28 27 report any problems. R5: Do students with married parents with an unstable relationship experience problems with their academics? Of the ten students who come from families with married parents, three of them reported that their parents had noticeably unstable relationships. Regardless of whether separation takes place, processes associated with deteriorating relationships between parents are also likely to impact negatively on the children (Baxter, 2011, 87). The students notice the impact of their parent s relationships and problems on their [the student s] academics. My parents definitely should not still be together, holy shit. I mean like I said one year they ll be fine, the next they re fighting, the next they re fine. Like make up your minds people its not that hard if you want to be together or not. Now that we ve been talking about this, I definitely don t completely blame myself for my grades anymore (Molly, Freshman). Yeah now that you ask, I feel like my parents probably would have been better off separating a while ago. I can see that they re not the best match, and don t really go to one another for support, they d rather blame each other than blame themselves. I feel like if they had divorced, I wouldn t have to work twice as hard with school and work in order to try to keep up. (Kevin, Junior). Is it bad that sometimes I don t want to go home on weekends, even if my parents want me to? I almost want to stay at school for as long as I can to avoid them. I don t know if they re fighting when I m not home, but I know for a fact they fight when I m there. I d rather just stay here and focus on myself. (Kelly, Sophomore). All three students expressed how they believed that their lives and academic grades may have been better off if their parents had made the decision to separate, rather than stay together and argue. Previous research supports these findings.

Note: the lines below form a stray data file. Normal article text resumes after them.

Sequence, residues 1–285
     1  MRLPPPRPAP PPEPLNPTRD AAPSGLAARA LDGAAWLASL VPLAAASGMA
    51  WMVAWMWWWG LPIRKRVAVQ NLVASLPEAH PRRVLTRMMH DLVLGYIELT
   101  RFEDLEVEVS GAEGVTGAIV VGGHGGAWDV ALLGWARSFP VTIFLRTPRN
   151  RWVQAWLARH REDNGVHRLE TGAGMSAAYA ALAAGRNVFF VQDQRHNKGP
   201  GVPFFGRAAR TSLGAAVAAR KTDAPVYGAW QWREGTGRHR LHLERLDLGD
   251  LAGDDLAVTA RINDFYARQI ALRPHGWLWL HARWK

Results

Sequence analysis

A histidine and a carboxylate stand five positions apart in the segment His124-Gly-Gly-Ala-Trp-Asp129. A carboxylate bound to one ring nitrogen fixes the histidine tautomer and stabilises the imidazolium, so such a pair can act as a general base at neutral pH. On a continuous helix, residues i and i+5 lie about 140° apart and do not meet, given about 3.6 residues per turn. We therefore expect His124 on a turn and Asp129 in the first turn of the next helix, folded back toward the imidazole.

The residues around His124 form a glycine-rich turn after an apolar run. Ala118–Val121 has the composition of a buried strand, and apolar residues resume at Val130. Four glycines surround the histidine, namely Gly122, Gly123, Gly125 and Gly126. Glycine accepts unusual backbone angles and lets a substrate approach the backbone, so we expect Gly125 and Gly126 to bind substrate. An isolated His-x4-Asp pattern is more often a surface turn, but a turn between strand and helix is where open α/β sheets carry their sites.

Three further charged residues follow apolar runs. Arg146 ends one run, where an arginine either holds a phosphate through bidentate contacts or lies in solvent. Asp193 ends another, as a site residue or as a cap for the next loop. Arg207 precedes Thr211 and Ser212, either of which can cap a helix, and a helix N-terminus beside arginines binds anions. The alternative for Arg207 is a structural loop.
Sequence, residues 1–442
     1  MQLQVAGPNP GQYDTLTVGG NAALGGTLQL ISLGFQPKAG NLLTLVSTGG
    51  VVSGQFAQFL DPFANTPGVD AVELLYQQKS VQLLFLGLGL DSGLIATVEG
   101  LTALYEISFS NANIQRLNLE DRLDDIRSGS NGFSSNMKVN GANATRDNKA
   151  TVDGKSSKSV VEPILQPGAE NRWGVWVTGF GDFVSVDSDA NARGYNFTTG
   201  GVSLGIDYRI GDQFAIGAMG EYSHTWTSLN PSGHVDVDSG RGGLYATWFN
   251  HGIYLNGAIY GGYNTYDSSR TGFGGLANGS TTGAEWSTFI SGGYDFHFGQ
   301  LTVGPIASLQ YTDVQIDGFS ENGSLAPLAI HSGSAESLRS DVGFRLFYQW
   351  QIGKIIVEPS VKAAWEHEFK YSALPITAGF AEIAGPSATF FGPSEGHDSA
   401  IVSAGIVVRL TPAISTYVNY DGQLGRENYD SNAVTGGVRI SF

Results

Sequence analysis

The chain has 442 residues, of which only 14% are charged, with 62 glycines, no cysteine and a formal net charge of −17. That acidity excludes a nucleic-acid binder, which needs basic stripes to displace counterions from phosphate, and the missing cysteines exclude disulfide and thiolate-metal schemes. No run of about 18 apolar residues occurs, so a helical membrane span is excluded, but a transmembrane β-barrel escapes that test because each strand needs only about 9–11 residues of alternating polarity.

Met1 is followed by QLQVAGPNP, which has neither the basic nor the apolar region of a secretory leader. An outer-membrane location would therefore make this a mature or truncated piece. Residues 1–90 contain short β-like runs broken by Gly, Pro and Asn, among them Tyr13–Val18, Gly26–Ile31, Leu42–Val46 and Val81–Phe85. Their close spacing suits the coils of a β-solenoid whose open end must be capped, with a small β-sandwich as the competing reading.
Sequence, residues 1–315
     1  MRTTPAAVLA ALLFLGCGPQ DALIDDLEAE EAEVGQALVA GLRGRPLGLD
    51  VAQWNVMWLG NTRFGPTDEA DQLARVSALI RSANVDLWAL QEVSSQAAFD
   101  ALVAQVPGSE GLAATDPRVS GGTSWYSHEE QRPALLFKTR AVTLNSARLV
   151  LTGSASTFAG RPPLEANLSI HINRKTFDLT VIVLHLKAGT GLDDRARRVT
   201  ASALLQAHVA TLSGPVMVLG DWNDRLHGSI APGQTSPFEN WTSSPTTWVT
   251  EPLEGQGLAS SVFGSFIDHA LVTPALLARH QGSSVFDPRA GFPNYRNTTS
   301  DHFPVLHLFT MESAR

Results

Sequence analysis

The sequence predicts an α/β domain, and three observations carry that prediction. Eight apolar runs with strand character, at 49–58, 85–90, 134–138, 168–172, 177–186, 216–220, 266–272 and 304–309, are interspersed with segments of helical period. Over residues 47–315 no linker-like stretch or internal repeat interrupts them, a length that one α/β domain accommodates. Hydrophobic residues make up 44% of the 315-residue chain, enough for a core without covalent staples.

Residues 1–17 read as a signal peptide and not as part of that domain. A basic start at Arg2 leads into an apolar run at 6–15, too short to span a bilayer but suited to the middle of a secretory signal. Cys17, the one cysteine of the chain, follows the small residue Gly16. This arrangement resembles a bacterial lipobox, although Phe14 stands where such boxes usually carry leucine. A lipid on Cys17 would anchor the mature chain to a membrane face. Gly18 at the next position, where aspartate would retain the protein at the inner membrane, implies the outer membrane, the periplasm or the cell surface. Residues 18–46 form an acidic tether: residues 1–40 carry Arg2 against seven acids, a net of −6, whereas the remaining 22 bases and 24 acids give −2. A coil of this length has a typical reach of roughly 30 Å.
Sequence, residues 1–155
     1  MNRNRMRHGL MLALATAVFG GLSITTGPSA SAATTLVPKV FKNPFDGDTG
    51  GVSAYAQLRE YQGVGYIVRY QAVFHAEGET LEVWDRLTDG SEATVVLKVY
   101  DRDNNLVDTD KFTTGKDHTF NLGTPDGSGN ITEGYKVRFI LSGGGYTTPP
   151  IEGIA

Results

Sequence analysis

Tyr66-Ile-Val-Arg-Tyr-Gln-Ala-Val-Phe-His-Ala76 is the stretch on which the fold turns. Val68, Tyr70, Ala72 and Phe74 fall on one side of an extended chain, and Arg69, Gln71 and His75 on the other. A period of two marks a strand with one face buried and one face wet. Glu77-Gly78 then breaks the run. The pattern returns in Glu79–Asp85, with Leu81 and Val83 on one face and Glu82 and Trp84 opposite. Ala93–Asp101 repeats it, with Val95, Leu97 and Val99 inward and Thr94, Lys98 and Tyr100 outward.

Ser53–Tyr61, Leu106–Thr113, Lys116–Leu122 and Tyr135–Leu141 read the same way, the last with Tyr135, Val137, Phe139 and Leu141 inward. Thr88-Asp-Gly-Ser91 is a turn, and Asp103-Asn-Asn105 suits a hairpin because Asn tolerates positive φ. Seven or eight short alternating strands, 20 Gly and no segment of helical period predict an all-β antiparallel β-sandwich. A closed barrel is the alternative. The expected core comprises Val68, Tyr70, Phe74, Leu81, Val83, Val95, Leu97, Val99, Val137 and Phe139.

29 28 Baxter (2011) explained that, there is some evidence to suggest that of children exposed to high levels of inter-parental conflict, those whose parents remain together tend to indicate poorer adjustment than those whose parents separate (87). R6: Do students with married parents with an unstable relationship report the cause of their academic troubles as coming from their parents fighting, or other factors? Previous research has shown that regardless of whether parents were together or separated, children whose parents had a hostile relationship had poorer emotional wellbeing than those whose parents did not have a hostile relationship (Lucas, 2013). This was also the case in this research where of the ten students who came from families with parents who are married, two of the three reported their parents as having an unstable relationship also were the same students who blamed their parents relationship for their academic troubles. I would absolutely blame my parents arguing and relationship to be the main reason why I didn t go straight to Bridgewater, and had to spend my freshman year at Massasoit. (Kelly, Sophomore). Yeah my parents are definitely the reason as to why my grades suck. Well they only suck during the times when they fight. So yeah it s totally their fault. (Molly, Freshman). Acs (2007) research found that even among children living with married parents, stressful home environments adversely affect their well-being. One student, however, did not totally blame his parents for his grades. As previously mentioned, Kevin commented on having to pick up extra time at work in order to try